Thought Leaders

How Electric Vehicle Batteries Could Help Power Our Homes

Thought LeadersProfessor Lucelia RodriguesChair of Sustainable and Resilient CitiesFaculty of Engineering - University of Nottingham

AZoCleantech speaks to Professor Lucelia Rodrigues from the University of Nottingham about the EV-elocity project which enables the use of energy in electric vehicle batteries to power homes. The project could help decarbonize the energy grid and reduce emissions from transport and electricity production.

Can you tell the readers more about the EV-elocity project?

EV-elocity is a research and development project looking at increasing the uptake of electric vehicles (EV) by helping consumers to monetize their investment using vehicle-to-grid (V2G) innovation.

It demonstrated the use of V2G technologies in a range of real-world situations to gain technical, customer and commercial insights. These are being explored through case studies where the technology is installed and tested.

EV-elocity was funded by the Office for Zero Emission Vehicles, the Department for Business, Energy & Industrial Strategy and facilitated by Innovate UK.

How could this project help increase the decarbonization of the energy grid?

We anticipate that the transition to electric mobility will add pressure to the energy grid. By using V2G, EVs can support the energy system by providing extra energy storage capability.

This energy storage can be used to store renewable energy when this is widely available and return it to the system at peak demand. Imagine for example charging a vehicle overnight mostly using wind power from the grid and then discharging it back during the day when we may have a greater reliance on ‘dirty energy'. The capacity of one vehicle battery is small – perhaps enough to support the needs of a home – but the capacity of a whole community is significant enough to have a positive impact on the energy grid.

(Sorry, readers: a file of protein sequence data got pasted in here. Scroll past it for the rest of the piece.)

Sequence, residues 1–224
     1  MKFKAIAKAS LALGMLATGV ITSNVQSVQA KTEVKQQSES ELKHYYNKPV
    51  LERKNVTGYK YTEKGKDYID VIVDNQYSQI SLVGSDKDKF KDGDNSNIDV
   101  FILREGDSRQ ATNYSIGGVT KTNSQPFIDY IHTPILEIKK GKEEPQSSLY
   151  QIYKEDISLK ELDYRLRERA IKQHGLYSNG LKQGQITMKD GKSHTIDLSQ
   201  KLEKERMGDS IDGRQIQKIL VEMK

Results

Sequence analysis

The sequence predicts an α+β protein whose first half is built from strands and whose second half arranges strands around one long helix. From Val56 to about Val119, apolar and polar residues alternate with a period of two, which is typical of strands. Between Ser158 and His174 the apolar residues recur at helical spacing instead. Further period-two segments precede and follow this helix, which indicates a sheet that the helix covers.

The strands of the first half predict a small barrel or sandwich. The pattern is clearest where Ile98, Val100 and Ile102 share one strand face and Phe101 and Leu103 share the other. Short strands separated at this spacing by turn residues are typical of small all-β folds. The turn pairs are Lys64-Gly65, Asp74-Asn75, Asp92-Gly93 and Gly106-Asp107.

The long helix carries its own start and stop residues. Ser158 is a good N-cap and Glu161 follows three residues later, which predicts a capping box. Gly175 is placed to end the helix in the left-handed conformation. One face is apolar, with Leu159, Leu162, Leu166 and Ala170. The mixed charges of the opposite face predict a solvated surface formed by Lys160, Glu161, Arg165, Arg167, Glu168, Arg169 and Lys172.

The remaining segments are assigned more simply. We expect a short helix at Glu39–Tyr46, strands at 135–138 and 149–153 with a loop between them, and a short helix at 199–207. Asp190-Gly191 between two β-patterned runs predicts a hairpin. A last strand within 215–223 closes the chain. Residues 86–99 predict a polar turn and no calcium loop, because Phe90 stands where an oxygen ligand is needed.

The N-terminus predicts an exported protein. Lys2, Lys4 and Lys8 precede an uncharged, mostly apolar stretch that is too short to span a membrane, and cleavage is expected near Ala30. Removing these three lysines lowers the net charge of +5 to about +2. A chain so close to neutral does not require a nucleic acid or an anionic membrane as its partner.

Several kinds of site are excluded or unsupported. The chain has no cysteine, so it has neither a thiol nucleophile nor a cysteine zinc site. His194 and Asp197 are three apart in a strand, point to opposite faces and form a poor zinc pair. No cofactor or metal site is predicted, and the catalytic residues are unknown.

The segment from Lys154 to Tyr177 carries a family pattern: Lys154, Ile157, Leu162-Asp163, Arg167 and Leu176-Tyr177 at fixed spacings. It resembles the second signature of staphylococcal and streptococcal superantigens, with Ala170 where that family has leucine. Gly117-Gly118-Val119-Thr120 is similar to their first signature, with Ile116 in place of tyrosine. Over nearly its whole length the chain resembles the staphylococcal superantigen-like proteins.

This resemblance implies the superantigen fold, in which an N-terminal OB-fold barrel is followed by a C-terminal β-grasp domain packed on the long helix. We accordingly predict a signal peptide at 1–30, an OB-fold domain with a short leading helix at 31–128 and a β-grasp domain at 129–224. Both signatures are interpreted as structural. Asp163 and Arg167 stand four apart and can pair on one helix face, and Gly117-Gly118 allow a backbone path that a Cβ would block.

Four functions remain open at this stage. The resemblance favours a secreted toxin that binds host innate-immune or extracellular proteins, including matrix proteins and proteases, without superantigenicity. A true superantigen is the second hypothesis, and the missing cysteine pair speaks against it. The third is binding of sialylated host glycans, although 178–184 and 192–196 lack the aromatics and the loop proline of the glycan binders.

The opportunities to reduce carbon emissions through the use of V2G are various:

1) Using EVs’ batteries to store energy from intermittent renewable generators (such as wind and solar),

2) Storing excess low-carbon energy available from the grid,

3) Offsetting EVs’ charging to when the grid carbon intensity is low,

4) Discharging the EVs’ battery when the grid carbon intensity is high, and

 5) Optimizing the use of EV batteries to reduce degradation.

ev charging, electric vehicle

Image Credit: University of Nottingham

What is vehicle-to-grid (V2G) technology and how is it important on a wider scale?

The terms vehicle-to-grid (V2G), vehicle-to-building (V2B), vehicle-to-home (V2H) or vehicle-to-everything (V2X) refer to the potential of using bidirectional charging to charge and discharge electric vehicles (EV).

This capability adds a welcome link between the transport and energy systems through increasing storage capacity, which can be accessed at short demand.

V2X represents a game-changing technology for the future of EVs and the energy grid. EVs using V2X will support the balance of the energy grid locally by providing opportunities for charging, storing and discharging electricity when suitable. It could provide the necessary storage to better integrate intermittent renewable energy into the grid, reducing the need, cost, carbon impact and risk associated with static battery storage. V2X can provide the flexibility required for the transition to a net-zero energy system.

This technology will increase local self-consumption of renewables and potentially offset the need for dedicated local battery storage. On a wider scale, V2G can help to balance the energy grid, reducing its carbon intensity and increasing efficiencies and security.

Another significant aspect is that V2G can also lead to significant financial benefits for EV owners, which will encourage the uptake of EVs. As we transition to a world where electric mobility needs to be the norm to allow us to meet our national Net Zero Emission targets, anything that can help monetize such significant investment will make a big difference.